Palazzo Nani, Venice, Italy
Palazzo Nani, Venice, Italy

Owner: Figura 11
Hotel operator: Radisson Collection
Architectural restoration: Sirecon
Interior design: Studio Marco Piva
Architecture & work supervisor: Venice Plan Ingegneria
Main Contractors: Arredo Design, BRB Engineering, Concreta, Prisma
Furnishings: Brunner, Calligaris, Ethimo, Miniforms, Natuzzi, Tribu, Wiesner Hager Mobel
Lighting: Artemide, Flos, Italamp, Marset, Rossini Illuminazione, Santa & Cole, Vibia
Bathrooms: Axor, Ceramica Globo, Crown International, Geberit, Hansgrohe, Margaroli, Vismara, Zucchetti.Kos
Kitchens: Candy, Electrolux, Elica
Flooring and surfaces: Cotto D’Este, Itlas, Pagani Marmi, Silestone, Unilin Italia
Textiles: Rada, Rubelli
Carpets: Besana Carpet, Lolohey, Radici Pietro
Curtains: Delius, Jab, Silent Gliss, Tendaggi Paradiso
Handles: Colombo Design, DND
Photo credits: Andrea Martiradonna

Since the sixteenth century, the Cannaregio Canal has been a main gateway to Venice coming from the mainland. Of the many noble buildings reflected in its water, one captured special attention: Palazzo Nani, named after the noble Venetian family of that name that had it built and lived there for centuries; later it became a barracks and then a school. After two years of restoration, Palazzo Nani becomes the new jewel in the crown of Venetian hospitality, joining the Radisson Collection. It’s a triumph of stucco and marble chip flooring, historic wood, and frescoes, furnished with clean, sophisticated elegance by Studio Marco Piva (who had
designed the Milanese Palazzo Touring Club for Radisson).

“Palazzo Nani was a beautiful piece of architecture, but in a state of decline. Turning it into a 5-star hotel was an opportunity to bring it back to life,” explains the architect Marco Piva, who worked closely with the construction management company Venice Plan Ingegneria and the Superintendence of Fine Arts. The architect focused on a “box in the box” design, placing the monumental building envelope in a conversation with the interior design and the decorative system with made to measure furnishings inspired by the essence of Venice.

In its 52 rooms (36 standard, 15 suites, 1 presidential suite) and 3 apartments, the woods and other materials, with their unique designs, are put in continuity with the building’s original materials. The finishes and colors evoke the hues of water, reflections of the glass of the nearby Murano factory, and the interiors of gondolas.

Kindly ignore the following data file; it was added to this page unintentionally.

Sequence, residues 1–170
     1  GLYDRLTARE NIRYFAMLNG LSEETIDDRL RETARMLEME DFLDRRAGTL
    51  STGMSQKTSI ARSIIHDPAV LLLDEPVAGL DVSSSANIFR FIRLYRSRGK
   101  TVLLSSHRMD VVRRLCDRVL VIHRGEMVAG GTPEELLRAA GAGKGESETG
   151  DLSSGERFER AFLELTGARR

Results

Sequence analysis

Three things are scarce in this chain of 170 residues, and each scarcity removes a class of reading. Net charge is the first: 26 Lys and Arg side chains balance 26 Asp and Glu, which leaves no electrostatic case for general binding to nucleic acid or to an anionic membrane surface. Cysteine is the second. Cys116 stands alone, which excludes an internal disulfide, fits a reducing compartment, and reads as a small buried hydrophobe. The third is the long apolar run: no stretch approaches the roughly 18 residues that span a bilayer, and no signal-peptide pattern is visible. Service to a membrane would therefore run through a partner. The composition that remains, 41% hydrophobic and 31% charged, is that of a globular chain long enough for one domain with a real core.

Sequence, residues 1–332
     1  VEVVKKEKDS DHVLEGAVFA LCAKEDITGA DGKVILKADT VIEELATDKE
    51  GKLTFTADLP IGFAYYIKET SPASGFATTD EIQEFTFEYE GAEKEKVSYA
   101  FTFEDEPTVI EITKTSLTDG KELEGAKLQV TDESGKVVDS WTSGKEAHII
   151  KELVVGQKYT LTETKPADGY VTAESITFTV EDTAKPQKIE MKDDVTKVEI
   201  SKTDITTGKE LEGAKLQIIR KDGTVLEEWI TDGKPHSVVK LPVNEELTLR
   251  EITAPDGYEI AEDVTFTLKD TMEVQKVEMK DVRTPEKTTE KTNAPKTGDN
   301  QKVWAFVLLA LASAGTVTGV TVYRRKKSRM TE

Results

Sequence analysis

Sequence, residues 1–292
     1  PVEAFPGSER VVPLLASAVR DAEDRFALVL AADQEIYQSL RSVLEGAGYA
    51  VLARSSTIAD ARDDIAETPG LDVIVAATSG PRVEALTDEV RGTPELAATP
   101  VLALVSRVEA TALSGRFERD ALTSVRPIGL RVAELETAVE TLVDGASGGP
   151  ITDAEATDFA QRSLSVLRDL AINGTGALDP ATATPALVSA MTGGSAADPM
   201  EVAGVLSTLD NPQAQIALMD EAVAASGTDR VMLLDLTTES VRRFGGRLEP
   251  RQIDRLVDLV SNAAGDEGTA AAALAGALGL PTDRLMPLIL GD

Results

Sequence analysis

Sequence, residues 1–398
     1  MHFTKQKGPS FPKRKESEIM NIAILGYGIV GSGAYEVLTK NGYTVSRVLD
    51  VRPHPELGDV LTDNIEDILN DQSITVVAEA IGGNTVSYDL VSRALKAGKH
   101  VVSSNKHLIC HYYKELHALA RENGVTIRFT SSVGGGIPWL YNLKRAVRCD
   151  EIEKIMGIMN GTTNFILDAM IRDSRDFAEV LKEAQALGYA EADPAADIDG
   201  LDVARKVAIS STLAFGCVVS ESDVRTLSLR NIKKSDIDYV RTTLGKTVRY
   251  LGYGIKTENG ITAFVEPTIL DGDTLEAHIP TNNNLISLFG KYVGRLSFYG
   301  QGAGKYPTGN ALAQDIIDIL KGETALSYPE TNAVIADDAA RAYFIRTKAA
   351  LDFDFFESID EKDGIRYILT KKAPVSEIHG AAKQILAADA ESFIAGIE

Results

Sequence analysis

The marbles and their distinctive veins — such as Palissandro Nuvolato and Bardiglio Nuvolato — are also references to the lagoon, and the paintings of the rooms pay homage to the friezes and frescoes of the ceilings, made primarily in the nineteenth century by Bevilacqua, when the Nani family had already left the building to move to Ca’ Rezzonico.

According to the architect, “The dialogue with history was essential.” He modified the internal structures as little as possible in the new layout, adding only a few partitions when strictly necessary, designing wardrobes and furnishing elements with technological parts, so as to avoid interrupting the visual continuity of the spaces. Where possible, the marble chip flooring was restored; otherwise parquet flooring was used with a geometric pattern in keeping with the interiors’ linear quality.

The common areas, which are on three floors, are dominant. The hotel’s main entrance has the reception console and accesses the restaurants and the bar, whose key feature is a curved, lagoon-green counter. The noble halls on the first and second floors return to their historic functions as a place of entertainment, with lounge seats made jointly with Natuzzi to evoke the colors of mythological ceiling frescoes, marbles and muses painted in the ovals above the doors. The architect says,

“They are magical places, full of light, where guests can feel at home.” That’s a fitting summary of a design that seeks to offer the best of hospitality on the lagoon in an alluring setting that brings art, history and design into symbiotic harmony.